Police in India nab a pigeon, suspect fowl play from Pakistan

A pigeon with a wired object around its neck was turned in to police in India for suspected spying.

Story highlights

  • The bird is found on a home, with an illegible Urdu message on its wings and carrying a wired object
  • Residents of the Pathankot district of Indian Punjab turn it over to police
  • So far, police have found nothing improper about the detained pigeon

New Delhi (CNN)James Bond just might have an unusual competitor.

This suspected secret agent is a flying ace -- a pigeon that perched on a home in an Indian village Thursday, barely 2½ miles (4 kilometers) from the border with Pakistan.
An illegible Urdu message stamped on its wings and a small wired object around it were enough for residents of the Pathankot district of Indian Punjab to turn it over to police.
    "We are looking at this case only from that angle," said Rakesh Kaushal, Pathankot's police chief, when asked whether officers were investigating the bird for possible Pakistani espionage.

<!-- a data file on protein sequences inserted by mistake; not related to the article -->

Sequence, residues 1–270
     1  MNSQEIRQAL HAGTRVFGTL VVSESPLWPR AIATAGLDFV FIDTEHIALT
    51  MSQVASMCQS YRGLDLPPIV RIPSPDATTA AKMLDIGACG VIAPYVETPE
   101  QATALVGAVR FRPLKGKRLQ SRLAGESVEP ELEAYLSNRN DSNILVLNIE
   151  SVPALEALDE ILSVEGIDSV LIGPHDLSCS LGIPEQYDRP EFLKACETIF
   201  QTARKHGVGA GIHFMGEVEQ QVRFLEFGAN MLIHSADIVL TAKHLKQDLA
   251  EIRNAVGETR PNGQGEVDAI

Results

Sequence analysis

Suspected spy pigeon has markings on its wings.
    "It's the first instance of its kind in my area. It's a sensitive border here," he told CNN on the phone from Pathankot.
    So far, police have found nothing improper about the detained pigeon. They say it was X-rayed, but nothing related to spying was found in its body.
    Investigators have not been able to decipher the Urdu part of the message written on its wings. "It's very dim," Kaushal said.
    Police are also investigating numerals printed on the bird. "They are neither landline nor mobile phone numbers, which were initially suspected. But we are investigating further," the police chief said.
    Hindu-majority but officially secular India and Islamic Pakistan share a long history of hostilities since independence from British rule in 1947. They have fought four wars, three over the Himalayan region of Kashmir, which both claim as their own.
    A military Line of Control divides the disputed region between them, and both sides admit to what they call a trust deficit. Talks to normalize relations haven't yielded a breakthrough over most of their outstanding issues, including Kashmir.
    Ties turned sour again this year when a top leader of the terror group Lashkar-e-Tayyiba, Zaki-ur-Rehman Lakhvi, was released on bail in Rawalpindi. Lakhvi was charged in Pakistan in 2009, accused of masterminding the November 2008 terror attacks that killed more than 160 people in Mumbai, India's financial capital.